Mo. native finds, returns B.B. King's stolen guitar

Written by Muleskinner Staff


(CAPE GIRARDEAU, Mo., AP) — For many people, finding a sought-after item in a pawnshop is something that seldom, if ever, happens.
But in 2009, when Fruitland, Mo. native Eric Dahl found an electric guitar in a Las Vegas pawnshop that had been stolen from blues legend B.B. King, it led to a once-in-a-lifetime meeting with his idol and the publishing of his book, “B.B. King’s Lucille And The Loves Before Her,” which chronicles the guitars King has played throughout his storied career.
Dahl is a regional promotion supervisor for the Sinclair Broadcast Group. Based in Nashville since 2011, he oversees promotions for five Fox television markets and nine stations, which includes FOX-23 KBSI in Cape Girardeau. It was during Dahl’s tenure as the promotion director at a Fox affiliate in Las Vegas that he made what he calls “the discovery of a lifetime,” the Southeast Missourian reported.
“I’ve played guitar since I was 5, and have collected guitars since high school,” Dahl said. “I started going to pawn shops in Cape to look at guitars, and I continued that when I moved to Las Vegas. I got in good with some of the owners, and I told them to let me know if something interesting ever came in.”
A pawnshop owner contacted Dahl in October 2009 and told him that an 80th anniversary Lucille electric guitar had been purchased by the shop.
“A Lucille is a Gibson guitar with a personalized B.B. King style,” Dahl said. “Gibson put out the anniversary models in 2005, and the one in the pawnshop had been scratched pretty good. But being a huge fan of Mr. King, I wanted to buy it.”
Dahl was happy to purchase the guitar, and he knew he may have had more than just an assembly-line model when he inspected it more closely. A small stamp on the back of the guitar read, “Prototype 1.”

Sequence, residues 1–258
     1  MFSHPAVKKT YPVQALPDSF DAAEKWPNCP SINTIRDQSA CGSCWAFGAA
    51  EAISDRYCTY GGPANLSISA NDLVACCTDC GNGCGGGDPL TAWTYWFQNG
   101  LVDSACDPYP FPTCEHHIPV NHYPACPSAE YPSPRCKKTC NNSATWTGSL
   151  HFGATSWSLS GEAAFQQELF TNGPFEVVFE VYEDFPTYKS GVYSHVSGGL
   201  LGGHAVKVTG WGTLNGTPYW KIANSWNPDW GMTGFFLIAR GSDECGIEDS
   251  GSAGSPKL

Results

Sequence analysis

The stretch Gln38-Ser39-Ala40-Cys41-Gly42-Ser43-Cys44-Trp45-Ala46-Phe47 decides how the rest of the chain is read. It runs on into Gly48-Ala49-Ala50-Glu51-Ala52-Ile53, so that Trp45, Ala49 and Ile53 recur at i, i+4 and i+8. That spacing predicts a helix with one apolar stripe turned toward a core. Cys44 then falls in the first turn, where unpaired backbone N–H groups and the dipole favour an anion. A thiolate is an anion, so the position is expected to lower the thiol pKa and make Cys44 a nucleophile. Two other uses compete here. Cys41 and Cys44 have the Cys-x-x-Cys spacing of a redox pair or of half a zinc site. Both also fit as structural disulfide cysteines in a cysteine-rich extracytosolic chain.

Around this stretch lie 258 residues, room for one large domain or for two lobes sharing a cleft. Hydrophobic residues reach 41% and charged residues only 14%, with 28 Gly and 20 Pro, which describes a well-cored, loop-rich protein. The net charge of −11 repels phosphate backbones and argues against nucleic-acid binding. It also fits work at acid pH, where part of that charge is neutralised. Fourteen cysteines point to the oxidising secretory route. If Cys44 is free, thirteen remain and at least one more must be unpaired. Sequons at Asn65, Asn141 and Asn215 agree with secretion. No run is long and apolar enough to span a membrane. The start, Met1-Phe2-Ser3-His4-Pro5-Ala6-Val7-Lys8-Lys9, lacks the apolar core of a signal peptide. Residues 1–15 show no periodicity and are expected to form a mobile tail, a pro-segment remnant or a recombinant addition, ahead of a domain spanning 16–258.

“That started my research,” he said. “I learned from sources in the guitar world that Gibson made 80 anniversary Lucilles, but there were also two prototype models made. Then I contacted a Gibson representative who told me that the Prototype 1 electric guitar had been stolen from Mr. King in the summer of 2009.”
The representative told Dahl that Gibson had presented the Prototype 1 model to King as his 80th birthday present in 2005, and it had been used as his main guitar during performances.
“The Gibson people said that Mr. King was in tears when he found out it was gone,” Dahl said. “Then I was asked how much I wanted for it so they could tell Mr. King the price. Being from Missouri, I said I didn’t want anything for it. I just wanted Mr. King to have his guitar back.”
According to Dahl, King — whose 88th birthday is Monday — was overjoyed when he learned his beloved guitar had been found. King even arranged for Dahl to receive a brand-new autographed Lucille from Gibson upon returning the original, which happened in November 2009.
“We met at Mr. King’s offices in Las Vegas,” Dahl said. “He was one of the nicest people I’ve ever met in my life. He just kept shaking my hand and thanking me. He really thought he’d never see it again. His smile was a mile wide.”
Meeting a music icon like B.B. King and swapping stories might be enough for most fans, but for Dahl it spawned the idea for “B.B. King’s Lucille And The Loves Before Her.”
“Nobody else had done a book about Mr. King’s music gear,” he said. “The book was three years of research. It wasn’t easy, but I’m glad I finished it.”
The book contains the history and color photos of each guitar King is known to have used during his lengthy career, starting with the one-string Diddley Bow he played as a child in Mississippi. The book also contains information about King’s other pre-Lucille guitars, including a Schmidt model named Stella and an electric Fender Esquire.
“I just wanted to get it right,” Dahl said. “There’s a lot of fakes out there, and verification of the guitars was very important to me. I was also fortunate that people also reached out, emailing me photos of Mr. King’s guitars and their history.”
Dahl said that a guitar collector in Chicago informed him that he had “Prototype 2” of the 80th anniversary Lucille models.
“I didn’t believe it at first,” he said, “but I checked it out and it was indeed the second prototype. I thought it had been lost forever, and it’s talked about in the book.”
According to Dahl, the book isn’t just about the guitars and the companies that made them.
“It’s for Mr. King to know about while he is still alive,” he said. “I think he’ll enjoy it.”
“B.B. King’s Lucille And The Loves Before Her” has a targeted publishing date of Sept. 20 and will be available at Barnes and Noble bookstores, and